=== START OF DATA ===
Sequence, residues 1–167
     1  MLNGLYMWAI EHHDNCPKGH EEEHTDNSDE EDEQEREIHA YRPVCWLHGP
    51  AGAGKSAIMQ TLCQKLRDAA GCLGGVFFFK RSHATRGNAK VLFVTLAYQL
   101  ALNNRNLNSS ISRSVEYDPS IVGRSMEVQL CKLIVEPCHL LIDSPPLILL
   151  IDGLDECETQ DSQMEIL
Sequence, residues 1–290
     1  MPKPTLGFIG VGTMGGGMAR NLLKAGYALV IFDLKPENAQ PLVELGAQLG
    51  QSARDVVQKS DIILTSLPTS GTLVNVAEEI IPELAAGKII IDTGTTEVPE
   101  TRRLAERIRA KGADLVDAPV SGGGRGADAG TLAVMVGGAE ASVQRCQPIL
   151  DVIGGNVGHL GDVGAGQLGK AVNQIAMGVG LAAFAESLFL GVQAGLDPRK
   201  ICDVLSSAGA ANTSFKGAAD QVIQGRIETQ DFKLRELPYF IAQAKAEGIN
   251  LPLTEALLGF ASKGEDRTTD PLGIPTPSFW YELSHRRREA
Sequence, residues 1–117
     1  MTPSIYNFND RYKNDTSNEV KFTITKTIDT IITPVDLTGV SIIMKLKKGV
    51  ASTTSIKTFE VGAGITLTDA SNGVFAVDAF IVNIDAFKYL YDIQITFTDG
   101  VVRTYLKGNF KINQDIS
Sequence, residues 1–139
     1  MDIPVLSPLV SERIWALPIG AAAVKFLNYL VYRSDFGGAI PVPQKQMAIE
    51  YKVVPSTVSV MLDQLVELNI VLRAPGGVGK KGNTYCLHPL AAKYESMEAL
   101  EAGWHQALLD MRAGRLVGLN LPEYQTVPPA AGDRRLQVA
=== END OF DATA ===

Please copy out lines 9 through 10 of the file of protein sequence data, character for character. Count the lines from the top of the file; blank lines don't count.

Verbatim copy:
   101  TRRLAERIRA KGADLVDAPV SGGGRGADAG TLAVMVGGAE ASVQRCQPIL
   151  DVIGGNVGHL GDVGAGQLGK AVNQIAMGVG LAAFAESLFL GVQAGLDPRK